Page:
And then we come forward 30 years, when little has changed at the factory or for the victims. A high, intimidating cut glass brick wall surrounds the dead factory. Inside the 77 acres once busy with workers lies the biggest snake pit in the world. Lush green jungle has encroached upon everything within the wall. Cobra’s and vipers live at peace in this near city center snake heaven, a heaven even my guide would not dare to hack across to find, inside the jungle, the ruins of a giant industrial plant. If it is not the snakes that get you, it is the predictable and inescapable Indian snarling mongrel dogs, hunting the jungle like tigers. Still sharing the jungle with the snakes and the dogs is the original inhabitants. If I had not known the story, it could have been an ‘Indian Jones’ film set. All 60 tons of methyl isocyanate is ‘preserved’ in decaying tombs leaching into the ground and into the air. Go too close, and the fumes bite into your skin. Go even closer and you risk a stay in hospital. Afterwards I was advised to scrub myself clean. I did not need the advice; I could smell my skin. I am not sure I can be clean having seen such stark-naked greed and lack of humanity.
Thirty years on there has been no clean up. No attempt to put a stop to the leaching of the chemicals into the soil, into the water supply. The once abundant money to make money has dried up. Cleaning the water supply for the poor and suffering has no value, no return on capital. The greenback, paid in settlement by Union Carbide to abruptly halt a string of slow ticking court cases, without accepting any liability, is money the Indian Government has invested in nuclear warheads and a space program. Some money has been allowed to drift down from New Delhi to pay lip service and fund ineffective hospitals and clinics. In 1994 government research into the consequences of exposure was abruptly terminated. In 2000 the chief minister declared ‘city residents are no longer suffering.’
Enough! Enough! Enough! Shouted the ministers in New Delhi when New Delhi wants closure, Bhopal wants to forget, and another generation is doomed. However through this haze independent charities such as the Bhopal Medical Appeal make sizable grants to the Sambhavna Trust and the Chingari Rehabilitation Centre, working because there is compassion by ordinary people for ordinary people; an empathy humanity has with the fallen of Bhopal. Raising funds and running clinics, theses ordinary people bark and roar with action for action, move heaven and earth and give back. Bhopal was once an indifferent unknown Indian city. Bhopal now has notoriety; a city on a world stage and it should use its acquired title of ‘home to the world’s worst industrial disaster’ to shout and scream and become the inspiration for the World to be better protected, and even be the messenger to eliminate hazardous chemicals from our lives. Be warned there are many slow burning Bhopal’s around the globe, none more so than in the developing world.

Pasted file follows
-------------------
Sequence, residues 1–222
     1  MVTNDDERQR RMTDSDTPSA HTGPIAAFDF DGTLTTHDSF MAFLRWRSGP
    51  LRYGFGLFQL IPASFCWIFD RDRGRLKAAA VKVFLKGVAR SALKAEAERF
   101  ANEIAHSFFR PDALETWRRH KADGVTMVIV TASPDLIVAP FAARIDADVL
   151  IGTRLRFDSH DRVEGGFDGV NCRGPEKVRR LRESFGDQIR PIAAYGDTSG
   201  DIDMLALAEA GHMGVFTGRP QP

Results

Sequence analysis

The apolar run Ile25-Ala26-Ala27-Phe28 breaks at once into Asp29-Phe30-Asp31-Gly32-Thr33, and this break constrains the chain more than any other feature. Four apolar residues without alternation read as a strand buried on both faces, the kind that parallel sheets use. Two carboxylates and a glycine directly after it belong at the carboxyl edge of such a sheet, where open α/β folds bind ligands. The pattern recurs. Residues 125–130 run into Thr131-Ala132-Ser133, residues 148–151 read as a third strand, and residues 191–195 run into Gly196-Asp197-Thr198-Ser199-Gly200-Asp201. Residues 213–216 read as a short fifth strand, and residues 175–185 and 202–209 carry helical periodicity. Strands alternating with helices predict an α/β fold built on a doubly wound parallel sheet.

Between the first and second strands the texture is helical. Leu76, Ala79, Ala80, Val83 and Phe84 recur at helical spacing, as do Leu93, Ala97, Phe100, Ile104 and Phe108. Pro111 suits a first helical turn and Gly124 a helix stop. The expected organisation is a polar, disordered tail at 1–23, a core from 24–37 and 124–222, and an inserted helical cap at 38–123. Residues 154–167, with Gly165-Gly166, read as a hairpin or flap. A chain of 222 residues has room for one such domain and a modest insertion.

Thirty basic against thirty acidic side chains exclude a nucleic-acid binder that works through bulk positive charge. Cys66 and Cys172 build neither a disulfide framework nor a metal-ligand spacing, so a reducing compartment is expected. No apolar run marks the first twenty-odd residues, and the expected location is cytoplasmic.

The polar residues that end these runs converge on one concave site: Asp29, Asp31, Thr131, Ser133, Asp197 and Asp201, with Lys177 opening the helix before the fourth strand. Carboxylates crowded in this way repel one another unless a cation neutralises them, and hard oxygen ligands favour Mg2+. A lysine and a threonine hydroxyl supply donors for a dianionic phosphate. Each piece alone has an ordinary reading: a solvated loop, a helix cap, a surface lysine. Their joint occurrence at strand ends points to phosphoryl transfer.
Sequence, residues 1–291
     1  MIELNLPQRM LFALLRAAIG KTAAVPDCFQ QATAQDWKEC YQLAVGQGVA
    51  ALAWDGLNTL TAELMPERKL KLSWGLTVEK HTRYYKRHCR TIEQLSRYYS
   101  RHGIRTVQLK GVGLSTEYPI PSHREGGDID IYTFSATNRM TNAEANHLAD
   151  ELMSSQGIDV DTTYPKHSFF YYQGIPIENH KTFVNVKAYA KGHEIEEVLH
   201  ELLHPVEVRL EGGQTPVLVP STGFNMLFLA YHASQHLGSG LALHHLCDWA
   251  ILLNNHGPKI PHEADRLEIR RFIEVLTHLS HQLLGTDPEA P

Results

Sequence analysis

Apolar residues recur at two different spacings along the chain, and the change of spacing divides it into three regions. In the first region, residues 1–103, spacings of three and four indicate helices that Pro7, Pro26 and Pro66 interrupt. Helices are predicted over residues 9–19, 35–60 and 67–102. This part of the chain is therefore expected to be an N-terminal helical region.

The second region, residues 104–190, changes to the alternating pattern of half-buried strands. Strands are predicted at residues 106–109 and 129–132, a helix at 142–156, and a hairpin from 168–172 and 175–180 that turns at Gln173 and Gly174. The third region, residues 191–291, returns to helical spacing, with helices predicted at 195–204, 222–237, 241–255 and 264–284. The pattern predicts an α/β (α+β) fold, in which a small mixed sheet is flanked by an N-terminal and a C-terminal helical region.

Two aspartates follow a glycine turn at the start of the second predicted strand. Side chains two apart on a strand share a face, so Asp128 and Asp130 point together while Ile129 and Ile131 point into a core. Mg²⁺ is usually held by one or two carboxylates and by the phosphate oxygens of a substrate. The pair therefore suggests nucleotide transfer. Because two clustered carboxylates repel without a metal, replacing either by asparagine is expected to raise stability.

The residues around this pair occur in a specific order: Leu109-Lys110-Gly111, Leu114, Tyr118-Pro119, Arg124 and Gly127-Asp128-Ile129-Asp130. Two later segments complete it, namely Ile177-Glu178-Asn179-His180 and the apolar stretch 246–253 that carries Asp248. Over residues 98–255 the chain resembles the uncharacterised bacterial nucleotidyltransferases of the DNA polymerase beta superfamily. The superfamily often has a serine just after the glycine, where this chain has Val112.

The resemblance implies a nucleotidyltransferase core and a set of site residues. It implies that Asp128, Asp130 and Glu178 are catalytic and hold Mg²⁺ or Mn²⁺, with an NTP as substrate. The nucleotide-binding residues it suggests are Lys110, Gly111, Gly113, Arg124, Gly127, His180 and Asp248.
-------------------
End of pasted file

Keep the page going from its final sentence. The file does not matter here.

Bhopal should have been a momentous event in the history of modern industry. It was not. Unlike Chernobyl, Long Island, Japan’s tsunami impact on Fukushima Daiichi Nuclear Power Plant, the BP Gulf of Mexico disaster, or even the compensation for asbestos victims, Bhopal lessons have not been learnt. It is as if the world has not heard of the Bhopal disaster. When the poor suffer no one listens, only a few care. If politicians are dishonest and corrupt then how can anything change? Thank God for the few.